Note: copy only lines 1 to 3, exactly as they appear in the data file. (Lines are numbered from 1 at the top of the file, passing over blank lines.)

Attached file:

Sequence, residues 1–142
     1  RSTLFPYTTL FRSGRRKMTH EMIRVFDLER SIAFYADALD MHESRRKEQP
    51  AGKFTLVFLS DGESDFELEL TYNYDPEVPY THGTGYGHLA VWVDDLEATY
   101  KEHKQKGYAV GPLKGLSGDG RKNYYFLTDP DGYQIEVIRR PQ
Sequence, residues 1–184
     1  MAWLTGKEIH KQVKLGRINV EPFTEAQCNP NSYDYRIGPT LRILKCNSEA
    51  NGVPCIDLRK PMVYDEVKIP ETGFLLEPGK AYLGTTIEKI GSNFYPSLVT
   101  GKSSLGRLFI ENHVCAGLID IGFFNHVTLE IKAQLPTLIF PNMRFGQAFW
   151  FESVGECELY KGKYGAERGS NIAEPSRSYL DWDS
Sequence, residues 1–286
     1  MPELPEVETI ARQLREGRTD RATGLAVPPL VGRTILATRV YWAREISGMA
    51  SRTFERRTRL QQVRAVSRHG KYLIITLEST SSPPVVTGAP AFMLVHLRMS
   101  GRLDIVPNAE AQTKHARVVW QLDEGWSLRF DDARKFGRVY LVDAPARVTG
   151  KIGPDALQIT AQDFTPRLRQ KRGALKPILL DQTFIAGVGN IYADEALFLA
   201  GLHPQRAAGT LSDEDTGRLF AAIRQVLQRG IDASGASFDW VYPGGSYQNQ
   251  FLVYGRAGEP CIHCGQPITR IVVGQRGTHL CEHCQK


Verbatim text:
Sequence, residues 1–142
     1  RSTLFPYTTL FRSGRRKMTH EMIRVFDLER SIAFYADALD MHESRRKEQP
    51  AGKFTLVFLS DGESDFELEL TYNYDPEVPY THGTGYGHLA VWVDDLEATY